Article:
EVs do more environmental harm than good, author argues
A visiting scholar at U.C. Berkeley has published a book that argues that electric vehicles hurt the environment more than they help it and that EVs are more of a marketing symbol than a way to cut greenhouse gas emissions, Wired reported.
Author Ozzie Zehner, who titled his book "Green Illusions: The Dirty Secrets of Clean Energy and the Future of Environmentalism," writes that the production of the copper, aluminum and rare-earth metals required to make an EV and its motor's magnets create more pollution than what would be saved after those cars hit the road, according to the publication.
Zehner, a former General Motors employee, also argues that EV prices aren't likely to fall much further because the technological advances related to their production have already been achieved. The book casts a vote for public-transportation improvements as a better way for governments to help the environment than funding electric-drive technology.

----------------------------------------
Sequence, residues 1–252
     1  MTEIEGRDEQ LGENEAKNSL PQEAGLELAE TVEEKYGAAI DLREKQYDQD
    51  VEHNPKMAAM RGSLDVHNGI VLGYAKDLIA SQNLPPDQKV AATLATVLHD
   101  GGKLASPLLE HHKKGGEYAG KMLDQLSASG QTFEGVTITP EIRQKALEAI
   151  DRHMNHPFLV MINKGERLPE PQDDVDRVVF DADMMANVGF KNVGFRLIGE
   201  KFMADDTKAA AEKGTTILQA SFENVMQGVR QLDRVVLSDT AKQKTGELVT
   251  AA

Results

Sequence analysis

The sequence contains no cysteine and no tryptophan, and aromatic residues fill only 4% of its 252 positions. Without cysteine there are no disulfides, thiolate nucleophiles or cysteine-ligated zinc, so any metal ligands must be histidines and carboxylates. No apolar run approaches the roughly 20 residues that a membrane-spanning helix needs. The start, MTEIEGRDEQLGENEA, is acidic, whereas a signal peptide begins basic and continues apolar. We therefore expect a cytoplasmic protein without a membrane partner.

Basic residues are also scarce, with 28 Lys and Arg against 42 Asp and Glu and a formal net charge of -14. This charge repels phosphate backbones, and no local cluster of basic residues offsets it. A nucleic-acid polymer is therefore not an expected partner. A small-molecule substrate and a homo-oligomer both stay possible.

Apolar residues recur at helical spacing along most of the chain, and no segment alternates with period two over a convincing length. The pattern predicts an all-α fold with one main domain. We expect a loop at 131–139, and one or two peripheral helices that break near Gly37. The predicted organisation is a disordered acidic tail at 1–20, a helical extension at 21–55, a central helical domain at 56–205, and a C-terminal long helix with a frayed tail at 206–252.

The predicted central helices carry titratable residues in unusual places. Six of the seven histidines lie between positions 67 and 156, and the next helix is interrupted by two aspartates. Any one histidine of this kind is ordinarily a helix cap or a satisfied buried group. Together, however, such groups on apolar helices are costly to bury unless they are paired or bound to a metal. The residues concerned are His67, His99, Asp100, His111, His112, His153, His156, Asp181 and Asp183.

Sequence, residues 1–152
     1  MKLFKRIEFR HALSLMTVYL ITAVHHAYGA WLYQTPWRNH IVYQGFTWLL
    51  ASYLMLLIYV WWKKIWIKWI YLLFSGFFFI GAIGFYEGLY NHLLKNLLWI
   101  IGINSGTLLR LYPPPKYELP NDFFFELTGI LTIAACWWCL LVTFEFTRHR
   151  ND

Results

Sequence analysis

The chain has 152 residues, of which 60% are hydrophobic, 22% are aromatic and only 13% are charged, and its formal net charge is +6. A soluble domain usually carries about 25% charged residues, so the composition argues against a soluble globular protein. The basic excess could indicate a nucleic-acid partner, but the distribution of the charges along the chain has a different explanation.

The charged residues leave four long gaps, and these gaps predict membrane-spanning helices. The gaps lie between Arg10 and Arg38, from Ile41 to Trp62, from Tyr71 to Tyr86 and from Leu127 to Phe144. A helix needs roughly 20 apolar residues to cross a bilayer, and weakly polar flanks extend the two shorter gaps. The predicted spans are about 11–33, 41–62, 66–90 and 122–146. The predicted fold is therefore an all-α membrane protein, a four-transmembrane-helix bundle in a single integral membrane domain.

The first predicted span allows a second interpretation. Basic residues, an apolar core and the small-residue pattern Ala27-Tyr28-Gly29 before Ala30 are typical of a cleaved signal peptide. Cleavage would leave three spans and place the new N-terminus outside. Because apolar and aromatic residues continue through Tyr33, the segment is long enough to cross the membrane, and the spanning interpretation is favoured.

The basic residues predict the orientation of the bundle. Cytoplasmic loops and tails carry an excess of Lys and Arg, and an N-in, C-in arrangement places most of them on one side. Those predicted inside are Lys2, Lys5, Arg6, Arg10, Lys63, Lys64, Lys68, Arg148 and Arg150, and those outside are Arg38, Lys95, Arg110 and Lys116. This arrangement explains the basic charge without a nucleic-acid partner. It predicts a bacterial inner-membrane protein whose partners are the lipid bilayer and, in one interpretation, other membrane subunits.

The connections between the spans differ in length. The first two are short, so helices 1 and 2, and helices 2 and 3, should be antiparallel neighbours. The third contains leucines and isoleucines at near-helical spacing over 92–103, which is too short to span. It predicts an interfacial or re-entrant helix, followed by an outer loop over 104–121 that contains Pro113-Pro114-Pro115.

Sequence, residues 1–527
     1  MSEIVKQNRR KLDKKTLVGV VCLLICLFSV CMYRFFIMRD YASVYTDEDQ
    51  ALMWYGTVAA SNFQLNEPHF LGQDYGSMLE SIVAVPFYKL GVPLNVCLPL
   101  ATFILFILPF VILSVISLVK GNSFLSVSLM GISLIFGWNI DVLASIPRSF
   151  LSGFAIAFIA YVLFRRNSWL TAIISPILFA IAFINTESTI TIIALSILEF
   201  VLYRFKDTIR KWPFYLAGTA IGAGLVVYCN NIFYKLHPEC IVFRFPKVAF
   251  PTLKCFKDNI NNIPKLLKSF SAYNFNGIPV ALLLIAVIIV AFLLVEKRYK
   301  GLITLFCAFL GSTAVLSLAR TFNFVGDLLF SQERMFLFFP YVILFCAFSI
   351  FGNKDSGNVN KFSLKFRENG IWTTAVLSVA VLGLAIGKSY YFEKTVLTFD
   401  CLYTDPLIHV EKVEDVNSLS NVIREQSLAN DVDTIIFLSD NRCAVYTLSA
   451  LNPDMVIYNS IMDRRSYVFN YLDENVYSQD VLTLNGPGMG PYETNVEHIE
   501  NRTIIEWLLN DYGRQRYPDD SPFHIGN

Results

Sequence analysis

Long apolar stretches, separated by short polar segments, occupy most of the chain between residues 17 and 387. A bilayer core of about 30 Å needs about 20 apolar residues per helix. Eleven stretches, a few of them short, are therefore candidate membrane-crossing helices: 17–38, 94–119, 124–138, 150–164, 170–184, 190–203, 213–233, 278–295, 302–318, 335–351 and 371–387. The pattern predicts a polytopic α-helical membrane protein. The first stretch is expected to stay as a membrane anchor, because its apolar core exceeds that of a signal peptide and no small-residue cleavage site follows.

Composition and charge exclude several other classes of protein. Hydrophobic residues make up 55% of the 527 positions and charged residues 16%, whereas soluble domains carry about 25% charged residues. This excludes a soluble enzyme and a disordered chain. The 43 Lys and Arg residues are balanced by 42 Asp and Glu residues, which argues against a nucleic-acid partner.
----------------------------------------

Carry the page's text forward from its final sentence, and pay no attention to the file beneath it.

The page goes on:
Naturally, people such as author Nick Chambers and Green Car Reports editor John Voelcker took issue with Zehner's arguments, Wired reported. Among other points, both Chambers and Voelcker predicted further substantial drops in battery-pack prices, while Voelcker said that much research is being conducted on using non-rare-earth metals in electric motors, which would further cause the environmental impact of making an EV to drop.
- Great used cars for less than $10,000
- Owners say these cars aren't very good deals
- New Car Buying Guides
- Cheapest new automobiles in America
- Fastest-depreciating cars in the United States
- Find and compare 2017 Models